Without putting it off that long, he can always cast an appraising eye on these ambitious crossed sticks hung with masses of roses, their heads lolling like drunkards', that I honour with the name "rose garden." The shade flowers I have abandoned to my other neighbour: the clematis that is more blue than purple, the lily of the valley, the begonias that are blown by just an hour in the sun. An old garden nearby harbours a giant Rose of Sharon, in whose service all other vegetation must be sacrificed, for it is lovely, ancient, indefatigable, and it wears a constant blaze of blooms that show pink on opening, mauve as they pass their prime. A red hawthorn, that glory of a Breton spring, glows a little further away, and a shrubby vine, its vertical lawn trained in a mosaic up one side of a small mansion, soothes the bucolic yearnings of a man from Auteuil whose land is but the width and breadth of an orange-tree planter.
How much longer can such good-natured rivalry call old folks and sensible children to the threshold of these captive gardens, brandishing their rakes and hoes, clicking the curved beaks of secateurs, the gardener's perfume of manure and of mown grass in the air? How much longer can it preserve Paris from that cubed sadness, the quadrangular shadows cast by highrises? Every month, in the sixteenth District, an avenue of lime-trees falls, a graceful hedge of euonymous, a venerable arbor rounded to the curve of the crinoline.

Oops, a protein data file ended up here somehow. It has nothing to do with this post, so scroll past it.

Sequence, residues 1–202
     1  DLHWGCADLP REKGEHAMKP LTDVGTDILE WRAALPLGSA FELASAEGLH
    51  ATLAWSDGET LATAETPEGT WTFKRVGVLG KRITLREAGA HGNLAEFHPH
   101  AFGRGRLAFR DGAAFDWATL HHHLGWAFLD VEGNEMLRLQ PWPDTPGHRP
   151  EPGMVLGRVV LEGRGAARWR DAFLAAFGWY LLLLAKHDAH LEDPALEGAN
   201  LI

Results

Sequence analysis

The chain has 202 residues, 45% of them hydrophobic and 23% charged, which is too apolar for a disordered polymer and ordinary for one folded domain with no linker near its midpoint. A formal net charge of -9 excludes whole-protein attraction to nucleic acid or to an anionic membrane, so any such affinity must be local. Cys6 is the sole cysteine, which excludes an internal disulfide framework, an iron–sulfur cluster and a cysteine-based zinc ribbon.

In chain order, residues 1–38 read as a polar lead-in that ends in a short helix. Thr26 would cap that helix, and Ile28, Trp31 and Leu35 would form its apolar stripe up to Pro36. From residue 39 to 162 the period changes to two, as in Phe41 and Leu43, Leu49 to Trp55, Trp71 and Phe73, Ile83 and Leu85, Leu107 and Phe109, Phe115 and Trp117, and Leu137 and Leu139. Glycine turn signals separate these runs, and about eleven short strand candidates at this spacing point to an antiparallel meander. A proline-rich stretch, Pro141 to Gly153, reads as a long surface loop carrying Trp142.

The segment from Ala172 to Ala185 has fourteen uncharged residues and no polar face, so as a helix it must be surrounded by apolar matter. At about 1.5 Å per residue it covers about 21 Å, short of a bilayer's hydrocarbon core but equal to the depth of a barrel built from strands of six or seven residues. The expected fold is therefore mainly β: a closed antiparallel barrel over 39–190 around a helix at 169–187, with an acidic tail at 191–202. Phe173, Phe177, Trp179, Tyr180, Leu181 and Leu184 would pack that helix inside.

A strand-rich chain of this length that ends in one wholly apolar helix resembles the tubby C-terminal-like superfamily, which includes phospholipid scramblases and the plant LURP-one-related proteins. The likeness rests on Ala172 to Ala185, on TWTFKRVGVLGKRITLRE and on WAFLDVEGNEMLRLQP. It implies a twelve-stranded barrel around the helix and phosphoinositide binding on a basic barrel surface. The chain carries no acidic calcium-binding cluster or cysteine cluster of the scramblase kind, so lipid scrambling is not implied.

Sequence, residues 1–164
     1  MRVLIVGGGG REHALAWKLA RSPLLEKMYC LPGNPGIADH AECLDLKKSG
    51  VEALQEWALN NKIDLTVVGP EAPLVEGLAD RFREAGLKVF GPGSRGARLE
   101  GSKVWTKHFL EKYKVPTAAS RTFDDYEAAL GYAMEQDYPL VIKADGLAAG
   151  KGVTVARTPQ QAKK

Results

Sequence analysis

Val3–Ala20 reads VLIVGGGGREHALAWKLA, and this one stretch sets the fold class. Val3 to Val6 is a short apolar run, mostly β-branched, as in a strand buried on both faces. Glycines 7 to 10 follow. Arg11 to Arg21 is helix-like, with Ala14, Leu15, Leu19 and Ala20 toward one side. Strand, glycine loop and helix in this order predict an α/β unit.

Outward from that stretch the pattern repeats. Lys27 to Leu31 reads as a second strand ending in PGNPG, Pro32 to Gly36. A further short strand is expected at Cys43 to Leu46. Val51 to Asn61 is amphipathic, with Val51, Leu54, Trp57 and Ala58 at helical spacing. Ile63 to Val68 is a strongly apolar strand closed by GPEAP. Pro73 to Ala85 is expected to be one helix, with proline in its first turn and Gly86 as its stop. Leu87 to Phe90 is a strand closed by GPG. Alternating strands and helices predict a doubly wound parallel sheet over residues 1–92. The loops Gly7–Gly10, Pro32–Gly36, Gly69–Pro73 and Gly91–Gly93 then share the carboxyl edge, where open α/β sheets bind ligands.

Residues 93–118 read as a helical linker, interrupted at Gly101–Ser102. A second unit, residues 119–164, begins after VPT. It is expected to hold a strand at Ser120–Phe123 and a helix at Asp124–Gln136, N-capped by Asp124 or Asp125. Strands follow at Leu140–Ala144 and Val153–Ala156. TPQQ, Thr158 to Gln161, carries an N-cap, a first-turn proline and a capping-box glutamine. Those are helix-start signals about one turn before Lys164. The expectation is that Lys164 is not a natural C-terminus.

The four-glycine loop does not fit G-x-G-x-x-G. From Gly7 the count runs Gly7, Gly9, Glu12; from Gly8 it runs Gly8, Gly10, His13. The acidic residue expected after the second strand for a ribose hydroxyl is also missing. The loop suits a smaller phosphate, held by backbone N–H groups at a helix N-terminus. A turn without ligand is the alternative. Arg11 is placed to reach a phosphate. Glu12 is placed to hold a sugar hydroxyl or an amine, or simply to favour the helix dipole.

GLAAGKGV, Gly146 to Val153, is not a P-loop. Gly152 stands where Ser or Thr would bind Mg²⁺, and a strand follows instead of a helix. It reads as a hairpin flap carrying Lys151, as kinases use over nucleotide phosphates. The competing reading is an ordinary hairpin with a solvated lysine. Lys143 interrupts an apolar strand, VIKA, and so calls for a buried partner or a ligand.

Within the past six months, there has risen on the leafy boulevard in front of my house, a block of rental apartments as hideously shaped and showy as a new buck tooth. For a hundred years, a delightful dwelling lay content in the middle of its garden like a hen on her nest of straw; now it is flanked by seven storeys, its right to the sun, its scarab-coloured mornings, its sweet, glowing eventides lost forever. It stands mute, frozen like an extinct planet, wearing its own black shade of mourning.